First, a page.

Summary. - A 32 bp deletion in the CCR5 gene designated CCR5delta32 has been identified recently as the cellular basis for resistance to human immunodeficiency virus type 1 (HIV-1) in some individuals which remained non-infected despite a repeated exposure to this virus. The prevalence of this deletion was examined by polymerase chain reaction (PCR) on 51 HIV-1-infected and 385 non-infected individuals from all parts of Slovenia. 84.4% of the the HIV-1-infected and 83.2% of the non-infected individuals were homozygous for wild type CCR5, and 19.6% and 16.3%, respectively, were heterozygous. No homozygous mutant genotype was observed among the HIV-1-infected patients. Of the non-infected individuals, 2 women (0.5%) were found to harbour the CCR5delta32/CCR5delta32 genotype only, which is, to the best of our knowledge, the lowest prevalence of this particular genotype found among Caucasians to date.
Key words: human immunodeficiency virus type 1; acquired immunodeficiency
syndrome; CCR5 gene; chemokine receptor; Slovenia
Acta virologica 42: 23 - 26, 1998
E.A. SANTOS, C. NIEL, C.O.A. VIANNA, C.A. MORAES DE SÁ, S.A. GOMES
Department of Virology, Oswaldo Cruz Institute, Avenida Brasil 4365,
21045-900 Rio de Janeiro;
Gaffrée and Guinle University Hospital, Rio de Janeiro, Brazil
Summary. - Serum samples from 56 human immunodeficiency virus type 1 (HIV-1)-infected adult men were analysed for the presence of hepatitis B virus (HBV) serological markers. Two or more samples from each patient, collected over an interval of 1-6 years, were tested. The antibody against HBV core antigen (anti-HBc) prevalence was 79%. Three (5%) patients No. 5, 7, and 9 were chronic carriers of HBV surface antigen (HBsAg). HBV DNAs from serial samples of these three patients and from two HIV-seronegative control patients were characterised after amplification of different genome regions by polymerase chain reaction (PCR). Size and restriction analyses of the PCR products showed that samples from patients No. 7 (with chronic active hepatitis) and 9 (asymptomatic) contained heterogeneous HBV DNA populations. In patient No. 7, HBV DNA contained a precore gene stop codon mutation at nucleotide (nt) 1896. In addition, a deletion in the core gene was found in a sample collected two years after the onset of acquired immunodeficiency syndrome (AIDS). PCR products from serial samples of patient No. 9 indicated a mixture of HBV DNA molecules that were cloned. Sequencing of the pre-S region of the clones and phylogenetic analysis showed that patient No. 9 was superinfected with three HBV populations of distinct origin, all belonging to genotype A. HBV DNA of patient No. 5 (with AIDS) did not present any variability during a 6-year follow-up. Although two of three HIV/HBV coinfected patients harboured heterogeneous HBV DNA populations during the follow-up, no common event with respect to HBV DNA evolution was observed among the coinfected patients.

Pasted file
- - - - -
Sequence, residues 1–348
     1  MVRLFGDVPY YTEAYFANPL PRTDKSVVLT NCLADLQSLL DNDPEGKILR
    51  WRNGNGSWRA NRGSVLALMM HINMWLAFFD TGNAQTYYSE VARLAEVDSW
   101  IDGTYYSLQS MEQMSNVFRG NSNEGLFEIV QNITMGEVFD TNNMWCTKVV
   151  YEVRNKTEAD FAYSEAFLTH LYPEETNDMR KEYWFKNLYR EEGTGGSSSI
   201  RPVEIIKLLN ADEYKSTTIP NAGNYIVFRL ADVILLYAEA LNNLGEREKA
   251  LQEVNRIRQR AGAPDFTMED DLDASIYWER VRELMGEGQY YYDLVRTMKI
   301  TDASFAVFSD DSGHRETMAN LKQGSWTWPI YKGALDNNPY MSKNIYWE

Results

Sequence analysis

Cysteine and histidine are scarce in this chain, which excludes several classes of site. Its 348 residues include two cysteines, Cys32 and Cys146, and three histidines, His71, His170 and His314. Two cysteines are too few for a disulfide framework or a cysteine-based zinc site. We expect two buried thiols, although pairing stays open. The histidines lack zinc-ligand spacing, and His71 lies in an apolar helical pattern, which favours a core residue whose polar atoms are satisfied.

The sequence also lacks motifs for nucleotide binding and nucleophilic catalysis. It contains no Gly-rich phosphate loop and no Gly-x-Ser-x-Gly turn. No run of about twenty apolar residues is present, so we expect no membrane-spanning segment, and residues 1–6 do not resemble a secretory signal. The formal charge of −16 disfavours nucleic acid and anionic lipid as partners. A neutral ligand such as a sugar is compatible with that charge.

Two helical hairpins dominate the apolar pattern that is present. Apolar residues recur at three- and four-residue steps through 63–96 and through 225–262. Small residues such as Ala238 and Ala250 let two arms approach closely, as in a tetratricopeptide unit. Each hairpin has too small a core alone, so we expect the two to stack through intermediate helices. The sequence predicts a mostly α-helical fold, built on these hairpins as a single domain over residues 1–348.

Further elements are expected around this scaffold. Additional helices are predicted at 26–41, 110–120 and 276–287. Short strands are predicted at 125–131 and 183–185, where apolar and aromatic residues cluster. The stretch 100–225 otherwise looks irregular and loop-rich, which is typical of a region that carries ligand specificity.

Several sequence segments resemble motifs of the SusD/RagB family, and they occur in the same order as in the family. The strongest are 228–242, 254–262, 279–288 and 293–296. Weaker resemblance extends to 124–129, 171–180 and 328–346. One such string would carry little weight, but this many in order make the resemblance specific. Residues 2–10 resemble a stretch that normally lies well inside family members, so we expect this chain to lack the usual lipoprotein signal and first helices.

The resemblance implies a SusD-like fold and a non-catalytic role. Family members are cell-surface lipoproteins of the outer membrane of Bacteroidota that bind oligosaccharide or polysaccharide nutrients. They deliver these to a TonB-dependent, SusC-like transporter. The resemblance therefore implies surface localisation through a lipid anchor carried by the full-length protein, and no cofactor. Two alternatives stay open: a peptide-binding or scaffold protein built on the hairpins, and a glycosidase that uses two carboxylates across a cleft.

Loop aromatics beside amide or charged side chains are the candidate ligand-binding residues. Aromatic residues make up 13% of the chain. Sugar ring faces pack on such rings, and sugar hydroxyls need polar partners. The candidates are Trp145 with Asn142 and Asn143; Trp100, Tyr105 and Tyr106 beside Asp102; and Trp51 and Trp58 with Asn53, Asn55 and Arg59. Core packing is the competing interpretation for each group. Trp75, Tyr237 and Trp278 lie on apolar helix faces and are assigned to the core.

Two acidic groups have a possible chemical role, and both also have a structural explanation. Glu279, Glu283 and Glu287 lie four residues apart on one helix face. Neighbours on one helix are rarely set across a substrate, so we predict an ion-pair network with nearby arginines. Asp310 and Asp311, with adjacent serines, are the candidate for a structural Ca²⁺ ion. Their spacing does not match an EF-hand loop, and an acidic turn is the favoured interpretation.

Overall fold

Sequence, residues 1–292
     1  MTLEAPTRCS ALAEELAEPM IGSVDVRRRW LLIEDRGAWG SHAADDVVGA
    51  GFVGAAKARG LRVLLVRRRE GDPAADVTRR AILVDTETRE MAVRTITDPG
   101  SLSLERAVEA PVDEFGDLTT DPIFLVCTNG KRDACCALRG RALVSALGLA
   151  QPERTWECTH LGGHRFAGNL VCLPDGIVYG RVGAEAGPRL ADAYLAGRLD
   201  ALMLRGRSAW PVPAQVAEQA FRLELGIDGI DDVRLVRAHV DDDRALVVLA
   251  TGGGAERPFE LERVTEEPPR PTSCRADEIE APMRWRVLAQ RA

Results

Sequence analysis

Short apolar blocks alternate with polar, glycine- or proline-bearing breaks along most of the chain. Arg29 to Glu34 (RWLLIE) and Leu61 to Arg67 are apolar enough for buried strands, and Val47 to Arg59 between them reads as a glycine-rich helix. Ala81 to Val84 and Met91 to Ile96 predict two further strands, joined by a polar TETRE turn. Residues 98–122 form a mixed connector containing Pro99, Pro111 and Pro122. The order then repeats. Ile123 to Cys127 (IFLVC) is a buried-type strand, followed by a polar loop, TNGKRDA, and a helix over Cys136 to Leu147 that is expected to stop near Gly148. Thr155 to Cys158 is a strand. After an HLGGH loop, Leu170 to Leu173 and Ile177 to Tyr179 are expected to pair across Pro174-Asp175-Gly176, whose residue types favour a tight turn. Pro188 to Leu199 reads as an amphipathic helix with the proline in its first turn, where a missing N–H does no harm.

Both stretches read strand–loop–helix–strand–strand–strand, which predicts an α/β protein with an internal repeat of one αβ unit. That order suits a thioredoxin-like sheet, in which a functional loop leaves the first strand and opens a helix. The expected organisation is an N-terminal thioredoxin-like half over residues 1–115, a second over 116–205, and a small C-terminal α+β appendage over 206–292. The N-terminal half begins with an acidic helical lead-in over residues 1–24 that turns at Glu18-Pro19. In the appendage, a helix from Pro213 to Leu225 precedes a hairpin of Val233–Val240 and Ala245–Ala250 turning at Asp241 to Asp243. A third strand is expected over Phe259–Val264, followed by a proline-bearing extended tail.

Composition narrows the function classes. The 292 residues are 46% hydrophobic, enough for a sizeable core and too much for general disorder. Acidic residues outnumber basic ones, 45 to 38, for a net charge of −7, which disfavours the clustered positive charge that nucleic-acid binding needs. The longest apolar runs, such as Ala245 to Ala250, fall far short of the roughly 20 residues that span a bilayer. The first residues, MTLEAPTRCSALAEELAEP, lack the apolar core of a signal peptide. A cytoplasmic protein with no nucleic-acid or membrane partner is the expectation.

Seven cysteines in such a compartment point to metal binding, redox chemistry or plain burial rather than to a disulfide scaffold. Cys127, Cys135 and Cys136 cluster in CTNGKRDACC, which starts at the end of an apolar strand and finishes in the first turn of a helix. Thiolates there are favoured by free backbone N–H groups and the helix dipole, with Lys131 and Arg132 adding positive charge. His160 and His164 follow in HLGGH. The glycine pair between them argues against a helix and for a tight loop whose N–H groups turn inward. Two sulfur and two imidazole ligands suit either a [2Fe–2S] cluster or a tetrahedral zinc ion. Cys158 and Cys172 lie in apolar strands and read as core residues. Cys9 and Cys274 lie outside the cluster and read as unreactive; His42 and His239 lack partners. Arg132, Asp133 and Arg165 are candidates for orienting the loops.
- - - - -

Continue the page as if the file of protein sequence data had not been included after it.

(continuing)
Key words: hepatitis B virus; human immunodeficiency virus; coinfection;
mutation; polymerase chain reaction; nucleotide sequencing; restriction
analysis; molecular cloning
Acta virologica 42: 27 - 33, 1998